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How A St. Louis Nun Found Love, Kept Her Faith And Turned Her Life Into A Novel

Marian O'Shea Wernicke's 2020 novel is set in Peru, where she served as a nun in the 1960s.
Marian O'Shea Wernicke by Matthew Shea
Marian O'Shea Wernicke's 2020 novel is set in Peru, where she served as a nun in the 1960s.

Marian O’Shea Wernicke was just 16 years old when she entered the convent. The oldest of seven children in a Catholic family with deep roots in St. Louis, Wernicke was drawn to live her faith, but she also worried about the temptations ahead. “I thought, ‘If I don’t do it now, I’m never going to do it,’” she recalled.

She went, joining the Sisters of the Most Precious Blood in O’Fallon, Missouri. She ultimately spent 11 years as a nun, teaching in St. Louis and Peru. But the same distractions she’d feared as a teen continued to speak to her soul. She found herself falling for a priest stationed in Bolivia, an epistolary relationship that left her torn between the attraction she felt and the vows she’d taken. In 1971, she left.

Marian O'Shea as a young nun.
Courtesy of Marian O'Shea Wernicke
Marian O'Shea as a young nun.

Now Wernicke’s debut novel, “Toward That Which Is Beautiful,” draws on her experience as a nun in Peru. The 2020 novel tells the story of Mary Katherine O’Neill, a St. Louis native who joins the sisterhood as a teenager and later volunteers to serve in Peru, only to find herself drawn to an Irish priest. She leaves her convent in the high plains of Peru, setting out alone on a desperate journey across the country, grappling with a crisis of faith.

Previously a professor of English and creative writing at Pensacola State, Wernicke now lives in Austin, Texas. She said the novel’s central journey is entirely fictitious; she drew on her travels in Peru and additional research to plot her heroine’s course.

But the emotional struggle was all too real.

“My sisters laughingly said, ‘You know that’s your story,’” Wernicke recalled on Friday’s St. Louis on the Air. “I said, ‘No, it’s not!’ But, I wrote this book because I often had students who found out I was a nun, and they often said, ‘Why would any normal girl want to take a vow of poverty, chastity and obedience?’ Certainly anti-cultural values! No one wants to be poor, chaste or obedient. But I wanted to explore that, and dramatize that, in a way that people could relate to.”

“I love the church, and I want it to change"
Listen to Marian O'Shea Wernicke discuss her life, her book and the Catholic church on St. Louis on the Air

For all the difficulties of a nun’s life, leaving was still hard. Wernicke struggled to release herself from the vows she’d made, saying it took three years to work through her feelings. She recalled advice she got from a priest during that time: “Do you feel free to leave the convent?”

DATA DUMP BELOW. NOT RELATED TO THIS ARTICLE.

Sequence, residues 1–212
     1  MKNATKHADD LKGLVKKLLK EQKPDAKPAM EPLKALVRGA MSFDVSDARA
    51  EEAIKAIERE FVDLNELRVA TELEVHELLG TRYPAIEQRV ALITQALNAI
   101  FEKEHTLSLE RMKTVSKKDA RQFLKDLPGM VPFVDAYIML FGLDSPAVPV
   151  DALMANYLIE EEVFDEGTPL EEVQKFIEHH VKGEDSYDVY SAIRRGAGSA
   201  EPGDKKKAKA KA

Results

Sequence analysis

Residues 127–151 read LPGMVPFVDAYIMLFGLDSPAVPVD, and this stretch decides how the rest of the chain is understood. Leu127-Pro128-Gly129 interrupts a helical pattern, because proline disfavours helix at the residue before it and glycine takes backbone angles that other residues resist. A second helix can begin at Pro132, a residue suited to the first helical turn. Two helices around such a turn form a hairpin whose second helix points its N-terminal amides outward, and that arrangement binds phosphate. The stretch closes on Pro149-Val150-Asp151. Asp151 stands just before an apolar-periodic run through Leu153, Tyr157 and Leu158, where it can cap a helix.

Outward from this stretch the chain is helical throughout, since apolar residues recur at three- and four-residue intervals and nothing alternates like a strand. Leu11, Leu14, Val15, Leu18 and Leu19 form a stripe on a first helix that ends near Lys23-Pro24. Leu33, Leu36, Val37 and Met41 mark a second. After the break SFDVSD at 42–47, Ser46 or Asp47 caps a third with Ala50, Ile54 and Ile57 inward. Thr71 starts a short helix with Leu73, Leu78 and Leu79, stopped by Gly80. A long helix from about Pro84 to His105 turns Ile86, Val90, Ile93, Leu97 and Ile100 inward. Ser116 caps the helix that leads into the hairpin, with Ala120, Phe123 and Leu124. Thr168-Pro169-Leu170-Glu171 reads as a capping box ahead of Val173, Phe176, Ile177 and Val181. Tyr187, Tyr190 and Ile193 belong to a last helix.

“No, I don’t,” she told him. “I feel guilty. I feel like I’m turning my back on God.”

“He said, ‘Well don’t leave until you feel in your heart that you’re really free to do this,’” Wernicke recalled. “I think that was very good advice. … As I have Kate say in the book, ‘God, you made me this way. So I’m going to try to follow my nature, follow the way I see my life now.’” Years later, she married (not the priest, she hastened to add) and had three children.

In Peru, Wernicke said she fully realized the naivete of being an American trying to help a people whose culture she only dimly understood. She recalled being in a cab during her time in Lima and the driver asking if she was from the U.S.

“He said, ‘Why are you here? Aren’t there problems in your own country?’ And this was 1968. Martin Luther King Jr. had been assassinated, Bobby Kennedy had been assassinated. The civil rights movement was heating up, protests, Vietnam was heating up. He floored me with that question,” she said. “In the back of my mind was always that question.”

Wernicke remains a Catholic, and she’s hopeful about the leadership of Pope Francis. “I love the church, and I want it to change,” she said. She’d like to see a greater role for women, and married men, in church leadership. “I think we would have a healthier church if we had women priests, and if we had men who were able to choose married life if that’s what they felt called for. It should be a choice.”

But she has no regrets about the 11 years she gave the church, nor that chastity, poverty and obedience. “I don’t regret one minute of them,” she said. “Some people said you missed your high school, you missed having fun … I don’t feel that way. I feel that I grew. I went to a different country, I learned Spanish, I learned a different culture. … It enriched my life.”

St. Louis on the Air” brings you the stories of St. Louis and the people who live, work and create in our region. The show is hosted by Sarah Fenske and produced by Alex Heuer, Emily Woodbury, Evie Hemphill and Lara Hamdan. The audio engineer is Aaron Doerr.

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Sarah Fenske served as host of St. Louis on the Air from July 2019 until June 2022. Before that, she spent twenty years in newspapers, working as a reporter, columnist and editor in Cleveland, Houston, Phoenix, Los Angeles and St. Louis.
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